Until now that has changed slowly. But, with the new
highway linking Kosovo and Albania - a major tunnel was symbolically
inaugurated on Sunday - that will change. So, sooner or later, the
Albanian sphere will come to equal the Serbian one as the biggest in
terms of numbers of people it encompasses and strength.
Does all this matter, especially if it means that
people's first identification is with their nation, not their state and,
on top of that, most of them live in an ever strengthening cultural,
social and business space defined by a state that vanished long ago?
And some may ask, how can this theory be true when
there are so many unresolved conflicts between nations and states,
within Bosnia for example or between Kosovo and Serbia or now between
Croatia and Slovenia?
The answer is that the Yugosphere emerges, or
re-emerges, with ever more vitality every year, despite nationalist
ideologues. It, and the sub-spheres including the Albanian one, are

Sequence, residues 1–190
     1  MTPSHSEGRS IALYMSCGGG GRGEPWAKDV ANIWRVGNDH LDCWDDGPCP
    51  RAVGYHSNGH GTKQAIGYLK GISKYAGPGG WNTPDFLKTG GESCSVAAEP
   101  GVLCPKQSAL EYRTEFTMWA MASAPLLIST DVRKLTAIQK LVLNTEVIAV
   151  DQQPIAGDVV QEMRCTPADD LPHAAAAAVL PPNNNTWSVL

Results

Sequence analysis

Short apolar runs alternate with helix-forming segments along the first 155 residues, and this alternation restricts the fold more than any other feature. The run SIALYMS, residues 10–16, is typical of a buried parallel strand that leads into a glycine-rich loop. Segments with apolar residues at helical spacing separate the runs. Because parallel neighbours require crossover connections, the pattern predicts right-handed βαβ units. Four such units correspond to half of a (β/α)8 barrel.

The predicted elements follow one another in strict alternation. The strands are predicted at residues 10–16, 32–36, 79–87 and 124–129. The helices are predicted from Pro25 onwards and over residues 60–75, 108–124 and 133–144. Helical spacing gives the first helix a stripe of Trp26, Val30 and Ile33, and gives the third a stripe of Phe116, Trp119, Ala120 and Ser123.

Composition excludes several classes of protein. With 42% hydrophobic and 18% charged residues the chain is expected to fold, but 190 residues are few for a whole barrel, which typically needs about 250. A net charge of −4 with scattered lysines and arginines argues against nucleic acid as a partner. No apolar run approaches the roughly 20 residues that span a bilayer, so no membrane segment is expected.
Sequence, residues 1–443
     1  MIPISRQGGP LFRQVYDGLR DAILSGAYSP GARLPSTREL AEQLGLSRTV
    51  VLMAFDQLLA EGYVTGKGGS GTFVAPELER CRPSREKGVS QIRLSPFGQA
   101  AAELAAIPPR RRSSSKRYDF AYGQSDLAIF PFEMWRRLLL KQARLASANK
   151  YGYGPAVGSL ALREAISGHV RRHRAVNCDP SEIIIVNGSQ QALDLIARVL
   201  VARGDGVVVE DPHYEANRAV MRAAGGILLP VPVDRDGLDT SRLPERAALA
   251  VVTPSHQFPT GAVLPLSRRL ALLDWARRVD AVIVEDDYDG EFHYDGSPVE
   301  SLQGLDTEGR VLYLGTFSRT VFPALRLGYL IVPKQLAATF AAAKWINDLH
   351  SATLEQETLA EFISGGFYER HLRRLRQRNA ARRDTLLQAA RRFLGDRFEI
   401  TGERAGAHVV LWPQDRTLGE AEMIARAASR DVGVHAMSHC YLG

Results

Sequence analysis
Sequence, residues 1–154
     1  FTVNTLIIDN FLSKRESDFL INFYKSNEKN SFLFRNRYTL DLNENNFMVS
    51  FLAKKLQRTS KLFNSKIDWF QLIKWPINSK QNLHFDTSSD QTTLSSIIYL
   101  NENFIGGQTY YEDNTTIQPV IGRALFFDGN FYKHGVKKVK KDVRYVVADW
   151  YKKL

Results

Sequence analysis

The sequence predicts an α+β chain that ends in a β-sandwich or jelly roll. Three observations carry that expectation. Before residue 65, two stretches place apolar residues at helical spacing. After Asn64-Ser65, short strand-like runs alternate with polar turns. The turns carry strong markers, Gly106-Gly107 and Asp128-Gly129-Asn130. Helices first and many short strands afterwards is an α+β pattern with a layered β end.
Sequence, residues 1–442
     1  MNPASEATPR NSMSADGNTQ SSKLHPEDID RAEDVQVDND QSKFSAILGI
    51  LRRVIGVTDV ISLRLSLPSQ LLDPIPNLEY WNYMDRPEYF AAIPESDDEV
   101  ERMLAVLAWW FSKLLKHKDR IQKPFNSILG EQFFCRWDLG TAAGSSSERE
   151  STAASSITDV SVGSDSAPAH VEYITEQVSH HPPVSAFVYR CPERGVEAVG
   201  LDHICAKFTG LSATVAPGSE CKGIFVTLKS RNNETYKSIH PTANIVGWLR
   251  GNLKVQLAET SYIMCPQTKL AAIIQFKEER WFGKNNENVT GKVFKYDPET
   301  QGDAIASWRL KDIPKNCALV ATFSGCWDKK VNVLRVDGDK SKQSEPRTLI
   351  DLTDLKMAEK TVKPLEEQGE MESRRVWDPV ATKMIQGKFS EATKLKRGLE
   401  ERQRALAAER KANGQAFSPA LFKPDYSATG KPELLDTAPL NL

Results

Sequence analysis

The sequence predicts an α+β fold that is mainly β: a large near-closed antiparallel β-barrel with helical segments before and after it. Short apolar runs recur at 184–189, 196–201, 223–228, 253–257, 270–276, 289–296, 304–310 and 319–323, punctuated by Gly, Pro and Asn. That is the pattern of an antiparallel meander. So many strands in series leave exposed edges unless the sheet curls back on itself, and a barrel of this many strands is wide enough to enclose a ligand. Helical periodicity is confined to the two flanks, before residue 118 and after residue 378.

natural phenomena developing whether anyone likes them, or not. And, in
this scheme of things, European integration is vital. If the pull factor
of Europe recedes, then the clock can be turned back, the nationalists
can argue that borders really do matter and that spheres should indeed
be "Greater" states rather than benign zones of cooperation and
identification in which all can prosper without eventually setting off
new rounds of hate and conflict. Brussels - Can you hear me?
Tim Judah is Balkans correspondent of the
Economist and a visiting research fellow at the South East European unit
of the European Institute at the London School of Economics.